It's the same as Linux on any other bleeding-edge hardware (and from a very Linux-unfriendly company) .. so the entire thing has to be reverse-engineered from scratch.
    Want it done faster? .. buy rMBPs for the developers actually working on the drivers.
    Like all things Linux, they'll get it figured out eventually. Until then, the best way about it is just run VMware Fusion and run Linux inside of that .. solves all the above issues and really isn't that big of a performance hit. Probably not the "purist" answer you were after but it's the easiest way to get it done in the meantime.

  • Re:No one cares (Score:3, Insightful)

    by Anonymous Coward on Friday November 30, 2012 @05:26PM (#42147689)

    Why do you think everything Linux has to be low-end shit? Some folks want higher res. and OP took one of a couple of routes to it. Sorry his choice of hardware struck such a nerve. At what price point do you say money isn't wasted or do you just not like high end hardware?

  • Re:No one cares (Score:5, Insightful)

    by TheGavster ( 774657 ) on Friday November 30, 2012 @05:34PM (#42147801) Homepage

    On consumer, desktop equipment, yes. Consumer mobile equipment is starting to see ludicrous DPI even in middle of the road devices, and commercial medical displays have offered very high DPI for some time.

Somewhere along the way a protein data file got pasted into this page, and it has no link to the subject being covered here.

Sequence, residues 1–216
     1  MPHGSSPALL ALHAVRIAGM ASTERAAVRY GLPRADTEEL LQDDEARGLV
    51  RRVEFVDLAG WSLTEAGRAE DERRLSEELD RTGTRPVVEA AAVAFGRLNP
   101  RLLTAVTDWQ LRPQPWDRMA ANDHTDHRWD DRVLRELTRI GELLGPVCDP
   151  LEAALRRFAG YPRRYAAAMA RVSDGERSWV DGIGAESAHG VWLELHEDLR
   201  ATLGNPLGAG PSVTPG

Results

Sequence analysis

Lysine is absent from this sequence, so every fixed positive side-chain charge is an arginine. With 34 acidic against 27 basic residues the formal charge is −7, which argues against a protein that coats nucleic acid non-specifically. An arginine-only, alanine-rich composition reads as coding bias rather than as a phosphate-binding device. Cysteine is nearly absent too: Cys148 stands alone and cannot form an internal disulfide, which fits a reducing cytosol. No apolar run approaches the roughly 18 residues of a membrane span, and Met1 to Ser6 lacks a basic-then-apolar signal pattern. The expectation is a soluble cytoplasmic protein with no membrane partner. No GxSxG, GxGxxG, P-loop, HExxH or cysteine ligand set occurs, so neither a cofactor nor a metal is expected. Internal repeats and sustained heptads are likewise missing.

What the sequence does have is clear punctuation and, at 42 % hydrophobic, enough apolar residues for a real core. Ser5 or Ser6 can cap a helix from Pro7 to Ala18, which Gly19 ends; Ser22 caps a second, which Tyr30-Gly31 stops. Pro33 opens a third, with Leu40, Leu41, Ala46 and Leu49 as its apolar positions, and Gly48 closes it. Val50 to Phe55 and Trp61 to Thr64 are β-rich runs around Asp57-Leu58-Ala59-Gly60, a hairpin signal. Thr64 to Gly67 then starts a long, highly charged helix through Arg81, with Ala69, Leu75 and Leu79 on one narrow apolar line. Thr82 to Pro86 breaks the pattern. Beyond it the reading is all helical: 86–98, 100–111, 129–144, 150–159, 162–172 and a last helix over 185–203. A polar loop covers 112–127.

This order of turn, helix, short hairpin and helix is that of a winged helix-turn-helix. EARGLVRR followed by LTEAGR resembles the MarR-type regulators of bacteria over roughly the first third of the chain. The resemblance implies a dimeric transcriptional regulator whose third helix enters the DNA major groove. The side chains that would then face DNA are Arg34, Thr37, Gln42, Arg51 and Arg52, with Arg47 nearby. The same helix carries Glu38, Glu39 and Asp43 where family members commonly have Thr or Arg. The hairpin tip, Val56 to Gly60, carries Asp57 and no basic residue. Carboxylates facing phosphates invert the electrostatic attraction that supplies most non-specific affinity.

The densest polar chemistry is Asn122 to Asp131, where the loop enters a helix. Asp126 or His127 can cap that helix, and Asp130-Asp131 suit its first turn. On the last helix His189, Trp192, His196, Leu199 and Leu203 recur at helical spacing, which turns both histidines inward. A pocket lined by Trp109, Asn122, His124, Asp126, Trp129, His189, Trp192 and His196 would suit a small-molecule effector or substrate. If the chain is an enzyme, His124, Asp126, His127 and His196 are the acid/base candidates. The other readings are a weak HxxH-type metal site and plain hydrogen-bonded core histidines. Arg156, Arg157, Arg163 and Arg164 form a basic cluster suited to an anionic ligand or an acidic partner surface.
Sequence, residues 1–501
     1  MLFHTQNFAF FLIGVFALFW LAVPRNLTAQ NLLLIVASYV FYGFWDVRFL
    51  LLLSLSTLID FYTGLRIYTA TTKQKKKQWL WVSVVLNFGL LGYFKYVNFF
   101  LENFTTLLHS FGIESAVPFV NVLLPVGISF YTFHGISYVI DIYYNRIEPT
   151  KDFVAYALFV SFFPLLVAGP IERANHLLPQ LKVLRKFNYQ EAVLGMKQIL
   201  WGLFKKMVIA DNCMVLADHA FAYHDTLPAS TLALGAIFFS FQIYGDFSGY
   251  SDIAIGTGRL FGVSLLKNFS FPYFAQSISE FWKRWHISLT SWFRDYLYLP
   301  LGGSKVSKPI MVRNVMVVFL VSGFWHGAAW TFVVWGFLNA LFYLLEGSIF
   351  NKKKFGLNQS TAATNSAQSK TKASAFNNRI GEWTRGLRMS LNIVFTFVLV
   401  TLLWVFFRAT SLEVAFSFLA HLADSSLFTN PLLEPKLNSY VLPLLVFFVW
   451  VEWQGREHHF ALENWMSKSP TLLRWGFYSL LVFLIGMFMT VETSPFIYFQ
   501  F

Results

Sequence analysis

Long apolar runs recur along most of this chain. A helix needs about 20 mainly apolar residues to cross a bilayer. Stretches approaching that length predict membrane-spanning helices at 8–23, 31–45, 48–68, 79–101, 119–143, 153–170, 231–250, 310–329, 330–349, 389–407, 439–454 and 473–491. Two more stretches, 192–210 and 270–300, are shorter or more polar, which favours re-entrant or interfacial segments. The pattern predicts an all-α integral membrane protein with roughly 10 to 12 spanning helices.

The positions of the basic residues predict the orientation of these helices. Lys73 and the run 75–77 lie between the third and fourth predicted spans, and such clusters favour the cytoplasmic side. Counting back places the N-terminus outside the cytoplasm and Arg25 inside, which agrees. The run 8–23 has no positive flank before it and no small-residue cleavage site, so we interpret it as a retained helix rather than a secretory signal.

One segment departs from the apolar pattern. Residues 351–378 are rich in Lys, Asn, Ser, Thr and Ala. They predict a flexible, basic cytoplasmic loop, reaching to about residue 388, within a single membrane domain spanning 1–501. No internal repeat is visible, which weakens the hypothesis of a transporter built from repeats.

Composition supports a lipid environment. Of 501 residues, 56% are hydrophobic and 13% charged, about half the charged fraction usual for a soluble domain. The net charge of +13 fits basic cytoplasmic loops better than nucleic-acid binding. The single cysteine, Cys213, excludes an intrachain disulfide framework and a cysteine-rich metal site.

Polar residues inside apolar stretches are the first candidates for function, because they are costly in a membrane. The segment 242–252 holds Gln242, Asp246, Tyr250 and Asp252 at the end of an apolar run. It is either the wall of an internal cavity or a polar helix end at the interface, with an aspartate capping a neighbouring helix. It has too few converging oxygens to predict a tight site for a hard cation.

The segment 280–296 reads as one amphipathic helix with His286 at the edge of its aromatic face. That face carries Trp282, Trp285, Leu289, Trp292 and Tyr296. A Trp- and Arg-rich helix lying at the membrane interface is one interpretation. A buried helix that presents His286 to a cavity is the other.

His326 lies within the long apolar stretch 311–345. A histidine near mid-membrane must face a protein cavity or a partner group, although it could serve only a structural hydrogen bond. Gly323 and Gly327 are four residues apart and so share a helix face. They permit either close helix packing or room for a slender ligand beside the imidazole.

• by Jthon ( 595383 ) on Friday November 30, 2012 @07:06PM (#42149361)

    Your comment shows a lack of understanding as to what DPI is supposed to be used for since DPI shouldn't control scaling.

    DPI stands for dots per inch, and you should configure that setting to match the actual number of dots per inch of your display. Then the SW environment should support some sort of sliding scale to let you change the size of any UI elements.

    Sadly most desktop platforms don't do this correctly and bind the DPI to the size of UI elements. I will admit that resolution independence isn't easy, Microsoft didn't really start down that path until Windows 7, and Apple didn't start to get close until Mountain Lion.

    Having used a retina display Mac it irritates me that they don't just have a slider to set UI scale, but instead you can select from several pre-set resolutions. I suspect this is because many applications still try to plot stuff pixel by pixel and so can't scale arbitrarily. It's not easy for most SW to be truly resolution independent and it seems most developers seem to skip handling that sanely on all platforms.

  • Re:No one cares (Score:4, Insightful)

    by Darinbob ( 1142669 ) on Friday November 30, 2012 @08:31PM (#42150381)

    It's not just about high dpi displays either. You can have a high resolution on a large screen while still wanting very large fonts and UI elements. It helps you see it better when your eyesight is not very good, if you have partial blindness, etc. So you can help both those with degenerative vision and those with amazing mutant vision at the same time.

Experience varies directly with equipment ruined.